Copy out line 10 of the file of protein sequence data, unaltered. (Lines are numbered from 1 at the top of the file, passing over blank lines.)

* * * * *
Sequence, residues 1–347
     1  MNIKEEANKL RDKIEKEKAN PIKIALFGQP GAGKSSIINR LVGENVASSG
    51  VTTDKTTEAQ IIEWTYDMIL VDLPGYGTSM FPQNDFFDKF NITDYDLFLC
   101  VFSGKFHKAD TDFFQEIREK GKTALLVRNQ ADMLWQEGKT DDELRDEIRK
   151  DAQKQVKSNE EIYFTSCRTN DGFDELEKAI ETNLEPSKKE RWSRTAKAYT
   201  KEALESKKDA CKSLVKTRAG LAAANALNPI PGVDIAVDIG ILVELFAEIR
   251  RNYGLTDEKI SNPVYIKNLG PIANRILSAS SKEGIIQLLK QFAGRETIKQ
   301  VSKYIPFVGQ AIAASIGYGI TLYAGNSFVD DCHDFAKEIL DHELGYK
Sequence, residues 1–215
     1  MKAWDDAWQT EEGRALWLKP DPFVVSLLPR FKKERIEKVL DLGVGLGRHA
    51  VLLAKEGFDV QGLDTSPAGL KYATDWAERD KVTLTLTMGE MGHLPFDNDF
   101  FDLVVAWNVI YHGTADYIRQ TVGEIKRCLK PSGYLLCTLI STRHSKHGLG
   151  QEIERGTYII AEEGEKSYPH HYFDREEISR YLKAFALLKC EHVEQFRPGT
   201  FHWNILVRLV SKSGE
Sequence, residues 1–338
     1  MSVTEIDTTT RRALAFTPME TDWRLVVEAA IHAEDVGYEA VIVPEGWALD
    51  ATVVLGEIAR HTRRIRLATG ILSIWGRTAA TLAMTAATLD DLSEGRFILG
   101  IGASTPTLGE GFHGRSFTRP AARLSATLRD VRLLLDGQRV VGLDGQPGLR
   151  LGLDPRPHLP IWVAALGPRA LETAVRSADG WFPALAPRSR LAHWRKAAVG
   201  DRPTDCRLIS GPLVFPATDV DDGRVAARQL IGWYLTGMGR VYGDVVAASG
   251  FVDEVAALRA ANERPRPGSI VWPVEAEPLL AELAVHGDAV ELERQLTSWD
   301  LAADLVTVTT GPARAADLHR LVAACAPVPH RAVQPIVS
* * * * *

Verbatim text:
     1  MKAWDDAWQT EEGRALWLKP DPFVVSLLPR FKKERIEKVL DLGVGLGRHA